Erin Weed: “Authenticity: Leading and Speaking with Your Head, Heart and Core” | Talks at Google


[MUSIC PLAYING] ALISON: I have the great
pleasure of introducing Erin. Erin Weed is the founder of
Girls Fight Back, a women’s safety education company. After teaching live
self-defense seminars to over one million
people worldwide, she sold Girls
Fight Back in 2013. And since then,
she’s been working as a speaker, an author, and a
communications strategist who helps people seek their
purpose and speak their truth. This past fall, she
spoke at TEDxBoulder, which is actually how
our Women [INAUDIBLE] Committee found Erin. We were scouring
the TEDxBoulder site and all the different videos. And we were all
blown away by Erin so we’re really, really
excited to have you in the room today, Erin. She’s going to talk
to us today and what she talked to
TEDxBoulder about how to connect with
one another, right, connecting authentically. And that is one of
the primary things we brought her in here today. She’s about to do that
with us and kind of help us speak more authentically. With that, please help
me welcome Erin Weed. [APPLAUSE] ERIN WEED: Hello, everyone. I’m so happy to be here. Are we projecting? Is this good? OK. All right. You can magically
make it happen. We’re Google, right? Isn’t that what you do here? You magically make
things happen. But my name is Erin Weed. I’m really excited to be here
on International Women’s Day. This is a big day, a
big deal for all of us. I’ve spent a good amount
of my career working in the women’s industry–
realm, if you want to call it. And it’s a place that
I feel very at home at, but I also feel like
really inspired that I saw a few men in the room. I think that’s really important. We’ve got to be super
inclusive, and this is so much bigger than women. We’re only half the world. There’s another
half, and we’ve got to bring the whole thing in. And one of the things we’re
going to talk about today is how to seek our purpose
and speak our truth. And one of the
reasons that I feel so passionately about this topic
is because of women’s issues. If we don’t know what’s
real inside of us and if we don’t know how
to show up and communicate in a strong, powerful, and
clear way that doesn’t alienate and terrify people,
then how can we ever expect to make progress? So that’s one of the
reasons that I am here today is to share with you a tool– because I don’t want to stand
up here and talk and keynote the whole time. I want to just give you a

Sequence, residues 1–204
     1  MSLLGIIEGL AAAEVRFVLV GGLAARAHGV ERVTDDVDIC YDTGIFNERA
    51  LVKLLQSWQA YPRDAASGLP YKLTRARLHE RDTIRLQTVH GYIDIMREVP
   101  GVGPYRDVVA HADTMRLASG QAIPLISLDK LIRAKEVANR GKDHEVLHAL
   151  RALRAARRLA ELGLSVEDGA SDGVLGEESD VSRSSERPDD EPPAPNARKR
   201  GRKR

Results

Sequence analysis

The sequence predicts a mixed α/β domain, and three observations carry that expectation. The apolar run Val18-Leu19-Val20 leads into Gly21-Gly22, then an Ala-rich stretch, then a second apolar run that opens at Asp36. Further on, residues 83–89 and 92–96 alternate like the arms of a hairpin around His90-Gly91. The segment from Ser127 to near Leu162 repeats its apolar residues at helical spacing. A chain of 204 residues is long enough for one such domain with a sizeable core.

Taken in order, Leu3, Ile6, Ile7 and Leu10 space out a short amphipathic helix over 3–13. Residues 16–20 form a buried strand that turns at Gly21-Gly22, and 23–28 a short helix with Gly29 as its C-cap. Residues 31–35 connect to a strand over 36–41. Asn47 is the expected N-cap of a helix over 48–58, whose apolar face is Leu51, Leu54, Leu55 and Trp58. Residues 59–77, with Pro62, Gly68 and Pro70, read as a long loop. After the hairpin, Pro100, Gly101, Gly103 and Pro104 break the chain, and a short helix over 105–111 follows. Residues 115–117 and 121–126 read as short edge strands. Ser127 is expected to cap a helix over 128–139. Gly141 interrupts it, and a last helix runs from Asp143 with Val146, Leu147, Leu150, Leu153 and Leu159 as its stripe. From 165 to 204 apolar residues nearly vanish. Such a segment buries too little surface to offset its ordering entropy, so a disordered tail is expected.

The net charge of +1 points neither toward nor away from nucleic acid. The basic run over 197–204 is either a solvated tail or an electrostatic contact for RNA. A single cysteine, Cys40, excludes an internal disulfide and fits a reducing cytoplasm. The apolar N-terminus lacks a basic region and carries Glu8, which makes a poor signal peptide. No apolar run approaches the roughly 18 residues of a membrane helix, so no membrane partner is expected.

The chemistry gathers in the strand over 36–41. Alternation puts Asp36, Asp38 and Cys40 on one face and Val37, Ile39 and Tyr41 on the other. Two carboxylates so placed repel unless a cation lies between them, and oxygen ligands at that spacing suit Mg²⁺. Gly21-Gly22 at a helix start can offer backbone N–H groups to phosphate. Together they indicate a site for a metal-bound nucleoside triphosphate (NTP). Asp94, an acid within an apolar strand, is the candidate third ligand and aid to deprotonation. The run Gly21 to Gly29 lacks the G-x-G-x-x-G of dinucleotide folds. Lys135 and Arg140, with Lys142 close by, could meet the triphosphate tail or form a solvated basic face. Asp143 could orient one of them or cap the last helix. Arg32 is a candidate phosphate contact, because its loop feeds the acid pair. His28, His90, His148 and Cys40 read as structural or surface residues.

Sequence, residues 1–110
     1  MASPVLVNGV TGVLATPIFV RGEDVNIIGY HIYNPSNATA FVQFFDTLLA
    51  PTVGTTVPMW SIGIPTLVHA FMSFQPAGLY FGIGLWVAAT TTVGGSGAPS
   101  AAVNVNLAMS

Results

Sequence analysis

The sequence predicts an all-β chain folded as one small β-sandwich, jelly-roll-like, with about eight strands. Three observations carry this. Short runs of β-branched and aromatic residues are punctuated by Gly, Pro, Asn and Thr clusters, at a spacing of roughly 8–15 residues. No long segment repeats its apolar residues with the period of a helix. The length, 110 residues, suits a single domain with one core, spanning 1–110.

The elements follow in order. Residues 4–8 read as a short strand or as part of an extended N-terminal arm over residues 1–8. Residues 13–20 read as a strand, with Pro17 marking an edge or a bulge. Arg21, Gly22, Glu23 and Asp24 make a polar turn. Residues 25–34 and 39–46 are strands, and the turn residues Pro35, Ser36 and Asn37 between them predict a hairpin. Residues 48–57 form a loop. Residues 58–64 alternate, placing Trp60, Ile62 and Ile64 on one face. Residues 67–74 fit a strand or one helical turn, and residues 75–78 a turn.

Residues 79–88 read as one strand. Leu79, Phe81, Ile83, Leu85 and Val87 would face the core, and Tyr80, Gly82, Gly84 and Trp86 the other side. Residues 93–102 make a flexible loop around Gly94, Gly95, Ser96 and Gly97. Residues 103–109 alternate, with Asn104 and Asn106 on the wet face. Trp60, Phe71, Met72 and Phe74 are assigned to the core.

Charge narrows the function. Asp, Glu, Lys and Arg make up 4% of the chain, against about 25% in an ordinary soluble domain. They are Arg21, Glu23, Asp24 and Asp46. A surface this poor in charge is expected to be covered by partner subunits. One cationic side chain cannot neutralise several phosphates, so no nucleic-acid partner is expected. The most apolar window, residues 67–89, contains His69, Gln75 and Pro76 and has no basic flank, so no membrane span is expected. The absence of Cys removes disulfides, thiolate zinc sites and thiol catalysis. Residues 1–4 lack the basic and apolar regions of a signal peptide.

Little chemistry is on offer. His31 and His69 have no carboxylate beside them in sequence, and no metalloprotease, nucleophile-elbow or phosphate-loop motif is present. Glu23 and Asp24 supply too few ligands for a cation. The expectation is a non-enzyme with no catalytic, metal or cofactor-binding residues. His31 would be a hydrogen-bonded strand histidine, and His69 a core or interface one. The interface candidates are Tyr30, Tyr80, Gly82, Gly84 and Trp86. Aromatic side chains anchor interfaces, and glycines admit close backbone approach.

little bit of background and explain some concepts. But then we’re going to do
an exercise where you all are going to learn how to
show up more authentically in your conversations. This is beneficial when it comes
to your personal life obviously but even in business as well. So I’m going to show
that to you today. But first, I wanted to give you
a little background on things. I actually wanted to kick off
by sharing with you this really weird dream I had recently. We all have weird dreams. I don’t know if
mine are weirder, but I had this weird dream. It was just a few weeks ago. And I feel the need
to share it with you because it felt like
one of those dreams– it’s so simple and so clear. Yet you wake up in the morning,
you’re like, what was that? And then later on,
you’re like, duh, it was like almost
so spelled out that I couldn’t get
my head around it. So here’s the dream. So I’m in this room, and
it’s like a full white room. And I am a glowing egg,
like a little ball, like that’s all I am, right. And I look around in the
rest of this white room, and there’s a bunch of glowing
eggs, and that’s all we are. But I can tell, even by looking
at all these little glowing marble-looking things,
we’re all different. Now the only exit point
from this weird white room is this amazing
slide that you would find at like a
McDonaldland sort of deal. It’s like crazy
colors, woo, you know, there’s like a real
party feel to it. So one by one, each of
these glowing little orbs would go up to the
entry of the slide, and a word would be thrown at
them like freedom or abundance or love. And they’d be like, OK, got
it, and they’d go, “Wee,” and they’d like go